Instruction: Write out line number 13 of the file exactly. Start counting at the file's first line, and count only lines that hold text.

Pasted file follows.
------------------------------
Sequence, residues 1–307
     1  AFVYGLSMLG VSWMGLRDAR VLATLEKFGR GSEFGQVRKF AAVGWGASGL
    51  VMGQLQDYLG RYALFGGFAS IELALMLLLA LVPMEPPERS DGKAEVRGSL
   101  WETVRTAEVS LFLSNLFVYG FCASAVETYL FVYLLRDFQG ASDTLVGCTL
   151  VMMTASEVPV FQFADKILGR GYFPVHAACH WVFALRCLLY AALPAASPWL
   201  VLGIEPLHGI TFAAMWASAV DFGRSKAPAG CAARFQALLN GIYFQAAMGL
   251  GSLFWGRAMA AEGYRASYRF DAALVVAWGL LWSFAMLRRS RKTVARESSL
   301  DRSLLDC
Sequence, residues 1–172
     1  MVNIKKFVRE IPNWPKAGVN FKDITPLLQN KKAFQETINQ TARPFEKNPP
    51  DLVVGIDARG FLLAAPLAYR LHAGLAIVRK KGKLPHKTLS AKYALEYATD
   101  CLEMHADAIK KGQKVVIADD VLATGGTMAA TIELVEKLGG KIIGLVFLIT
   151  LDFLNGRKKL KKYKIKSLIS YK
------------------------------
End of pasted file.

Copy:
   151  LDFLNGRKKL KKYKIKSLIS YK